Set a time limit for TV and computer. (Some experts suggest a limit of 2 nights per week for TV.)
Set a time limit for homework. 30-60 minutes per night is adequate for students up to grade 9 or 10; 60-90 minutes for grades 10-12.
Reward study time rather than grades. Homework requires effort and discipline. Habits of self-discipline are created over time. This is one of the main reasons why homework is assigned in the first place.
Discuss what kind of support your child would like for homework. Do they want you to remind them that it’s homework time or to check in to be sure that their backpack is packed in the morning? Do they want a reminder of homework that needs to be handed in? Do they want you to help break bigger projects into more manageable steps? If your child responds to checklists for backpacks or homework tracking, create some.
Check your child’s agenda daily or at least every second day. If it seems important to you, they’ll begin to see it as important to them too. Check that they have completed their homework. Or, have your teen show you their completed work daily.
If there is no homework, ask your child to teach you something that he learned in class that day.
Help prioritizing if your child seems stumped about where to start with homework or is avoiding getting started. Help them to evaluate where to start: What is due first? How long will each assignment take? What is hardest? What could be broken down into steps? Sometimes starting with the hardest thing first is nice as it gets it over with; sometimes starting with something easy is good as it builds confidence and momentum.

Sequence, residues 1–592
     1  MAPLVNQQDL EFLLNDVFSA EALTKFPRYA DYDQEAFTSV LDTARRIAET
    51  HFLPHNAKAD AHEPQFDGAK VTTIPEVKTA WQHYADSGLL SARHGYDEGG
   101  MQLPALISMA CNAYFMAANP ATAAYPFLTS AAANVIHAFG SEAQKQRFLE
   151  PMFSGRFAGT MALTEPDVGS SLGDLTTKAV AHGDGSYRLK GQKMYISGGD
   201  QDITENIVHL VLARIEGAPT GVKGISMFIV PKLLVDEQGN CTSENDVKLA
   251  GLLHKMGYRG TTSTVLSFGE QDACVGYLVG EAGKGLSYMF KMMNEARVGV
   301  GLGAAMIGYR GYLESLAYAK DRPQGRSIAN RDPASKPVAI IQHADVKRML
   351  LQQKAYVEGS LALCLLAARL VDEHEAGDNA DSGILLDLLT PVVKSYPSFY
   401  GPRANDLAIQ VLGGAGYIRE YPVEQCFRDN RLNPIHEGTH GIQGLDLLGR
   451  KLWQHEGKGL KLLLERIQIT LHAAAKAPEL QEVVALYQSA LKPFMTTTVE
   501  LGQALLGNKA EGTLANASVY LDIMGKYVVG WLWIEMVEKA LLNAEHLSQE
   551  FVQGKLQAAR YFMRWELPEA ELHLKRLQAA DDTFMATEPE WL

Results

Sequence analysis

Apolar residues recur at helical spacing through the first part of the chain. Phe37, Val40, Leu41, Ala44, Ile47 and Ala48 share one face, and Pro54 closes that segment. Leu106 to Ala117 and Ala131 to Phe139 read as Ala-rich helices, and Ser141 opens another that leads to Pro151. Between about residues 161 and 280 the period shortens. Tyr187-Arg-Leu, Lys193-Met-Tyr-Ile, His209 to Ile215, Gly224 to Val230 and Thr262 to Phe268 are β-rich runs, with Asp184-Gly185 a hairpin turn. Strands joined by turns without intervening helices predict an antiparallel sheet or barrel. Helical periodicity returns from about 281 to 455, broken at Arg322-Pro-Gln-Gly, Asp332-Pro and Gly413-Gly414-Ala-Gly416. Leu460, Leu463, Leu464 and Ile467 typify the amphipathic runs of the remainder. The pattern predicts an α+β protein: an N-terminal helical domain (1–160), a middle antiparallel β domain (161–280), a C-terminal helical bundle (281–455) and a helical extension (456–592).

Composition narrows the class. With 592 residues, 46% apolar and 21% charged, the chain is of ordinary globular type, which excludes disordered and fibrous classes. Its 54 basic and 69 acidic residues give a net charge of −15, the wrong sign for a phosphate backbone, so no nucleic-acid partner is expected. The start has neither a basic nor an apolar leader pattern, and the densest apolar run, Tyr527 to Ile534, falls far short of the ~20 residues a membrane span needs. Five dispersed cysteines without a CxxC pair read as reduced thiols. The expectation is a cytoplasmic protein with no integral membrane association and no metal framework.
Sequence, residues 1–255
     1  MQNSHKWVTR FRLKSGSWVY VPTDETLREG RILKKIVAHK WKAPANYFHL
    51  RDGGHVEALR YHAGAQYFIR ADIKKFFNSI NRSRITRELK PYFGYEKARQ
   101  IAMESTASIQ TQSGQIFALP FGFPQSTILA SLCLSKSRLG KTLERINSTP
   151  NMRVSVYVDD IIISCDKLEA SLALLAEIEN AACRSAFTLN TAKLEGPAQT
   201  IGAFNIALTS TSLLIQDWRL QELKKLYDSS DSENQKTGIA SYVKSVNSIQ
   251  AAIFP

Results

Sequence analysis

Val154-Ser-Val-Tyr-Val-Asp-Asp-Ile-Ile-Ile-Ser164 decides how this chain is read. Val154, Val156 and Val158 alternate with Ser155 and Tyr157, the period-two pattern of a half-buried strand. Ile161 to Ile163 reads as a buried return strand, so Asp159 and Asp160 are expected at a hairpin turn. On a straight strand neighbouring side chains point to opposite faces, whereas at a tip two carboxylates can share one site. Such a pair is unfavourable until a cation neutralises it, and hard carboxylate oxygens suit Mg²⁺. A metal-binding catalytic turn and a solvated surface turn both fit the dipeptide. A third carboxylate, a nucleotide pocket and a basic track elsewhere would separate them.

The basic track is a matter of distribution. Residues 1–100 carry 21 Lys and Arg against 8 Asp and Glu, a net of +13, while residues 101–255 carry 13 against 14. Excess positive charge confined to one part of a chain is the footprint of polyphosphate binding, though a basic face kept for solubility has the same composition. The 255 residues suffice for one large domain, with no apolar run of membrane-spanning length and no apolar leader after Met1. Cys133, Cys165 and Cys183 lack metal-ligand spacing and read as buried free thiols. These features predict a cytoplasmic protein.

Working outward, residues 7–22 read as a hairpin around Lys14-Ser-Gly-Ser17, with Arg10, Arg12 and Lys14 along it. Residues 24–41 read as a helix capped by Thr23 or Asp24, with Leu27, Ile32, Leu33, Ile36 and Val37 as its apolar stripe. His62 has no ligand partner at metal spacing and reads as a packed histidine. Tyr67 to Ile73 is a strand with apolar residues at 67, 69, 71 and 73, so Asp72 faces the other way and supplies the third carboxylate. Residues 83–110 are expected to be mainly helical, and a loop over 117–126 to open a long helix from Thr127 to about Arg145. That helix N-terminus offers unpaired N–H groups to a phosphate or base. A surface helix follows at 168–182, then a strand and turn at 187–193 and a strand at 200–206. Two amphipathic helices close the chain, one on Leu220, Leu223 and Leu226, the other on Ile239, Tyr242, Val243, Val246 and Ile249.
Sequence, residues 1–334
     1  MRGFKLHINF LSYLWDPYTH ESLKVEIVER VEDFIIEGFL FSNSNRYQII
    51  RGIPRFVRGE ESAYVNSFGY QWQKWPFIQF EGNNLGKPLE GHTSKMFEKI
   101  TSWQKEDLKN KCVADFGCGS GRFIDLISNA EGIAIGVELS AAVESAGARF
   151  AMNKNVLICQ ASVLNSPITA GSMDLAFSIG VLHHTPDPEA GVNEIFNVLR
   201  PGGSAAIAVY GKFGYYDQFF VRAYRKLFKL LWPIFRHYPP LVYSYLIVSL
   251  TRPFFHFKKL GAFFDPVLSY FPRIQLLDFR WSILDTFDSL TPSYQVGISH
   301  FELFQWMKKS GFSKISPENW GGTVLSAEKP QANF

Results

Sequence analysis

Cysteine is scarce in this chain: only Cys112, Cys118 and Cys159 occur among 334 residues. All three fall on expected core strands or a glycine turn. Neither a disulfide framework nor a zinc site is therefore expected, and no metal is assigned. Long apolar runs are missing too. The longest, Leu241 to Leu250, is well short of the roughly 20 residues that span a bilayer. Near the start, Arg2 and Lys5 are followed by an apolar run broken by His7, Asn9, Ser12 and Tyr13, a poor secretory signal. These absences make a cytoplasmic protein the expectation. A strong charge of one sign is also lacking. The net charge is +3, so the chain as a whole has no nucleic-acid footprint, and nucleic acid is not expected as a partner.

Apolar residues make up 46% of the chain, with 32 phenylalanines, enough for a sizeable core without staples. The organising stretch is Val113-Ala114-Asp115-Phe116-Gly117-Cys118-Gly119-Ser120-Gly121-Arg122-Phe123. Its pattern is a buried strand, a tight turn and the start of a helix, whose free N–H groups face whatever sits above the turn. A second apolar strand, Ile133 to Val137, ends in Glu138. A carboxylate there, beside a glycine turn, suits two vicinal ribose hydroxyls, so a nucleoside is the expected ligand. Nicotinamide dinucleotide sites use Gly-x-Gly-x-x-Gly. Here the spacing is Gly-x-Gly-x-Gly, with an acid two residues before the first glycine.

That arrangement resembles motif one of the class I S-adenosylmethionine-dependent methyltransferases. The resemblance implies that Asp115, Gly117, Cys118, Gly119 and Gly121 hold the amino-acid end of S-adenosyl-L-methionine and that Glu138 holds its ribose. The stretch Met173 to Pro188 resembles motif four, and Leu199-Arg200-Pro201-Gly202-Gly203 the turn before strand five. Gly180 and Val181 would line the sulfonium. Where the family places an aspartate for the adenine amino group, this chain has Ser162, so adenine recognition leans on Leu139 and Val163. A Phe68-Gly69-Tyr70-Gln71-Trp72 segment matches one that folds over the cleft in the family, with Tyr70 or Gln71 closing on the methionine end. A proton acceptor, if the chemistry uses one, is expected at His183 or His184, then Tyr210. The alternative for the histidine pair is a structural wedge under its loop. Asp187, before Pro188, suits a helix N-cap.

Suggest interesting alternatives for study: tape recorder, video, power point, experiments… Show an interest in the subject matter and in their studies in general.
Ask yourself, “What kind of teacher am I? How can I do better?” Listen to your tone of voice when you are talking about homework – are you patronizing or lecturing?
Show love and respect, acknowledging efforts even if they don’t “measure up”.
Notice your child’s reactions to your help. If your child is interested in having your assistance, provide some if necessary, but if your child seems to react negatively, step back.
Stop while it’s still fun if you’re working together (for spelling, reading, multiplication tables, etc.). If it’s not fun, go to the library and find some books about learning games – there are books in the parent-educator section of the library.
Know your child’s learning style – it may be different from your own. Keep this in mind if you are teaching your child or asking your child to teach you something she has learned.
Ask questions like, “Is there another way to do it?” “What else can you think of?” “This may be one way to do it.” Be patient – wait for answers.
Have trust and confidence in your child’s ability to learn independently. Don’t hover as they work.
Ask simple, direct questions to open up a dialogue about school. “Tell me one good thing and one bad thing about school today.” can bring a much more detailed answer than the very general, “How was your day?”
Observe how you describe your child’s abilities. Let them hear you say good things about them.
Write an encouraging note for your child and put it in his lunch, on the fridge or in chalk on the sidewalk.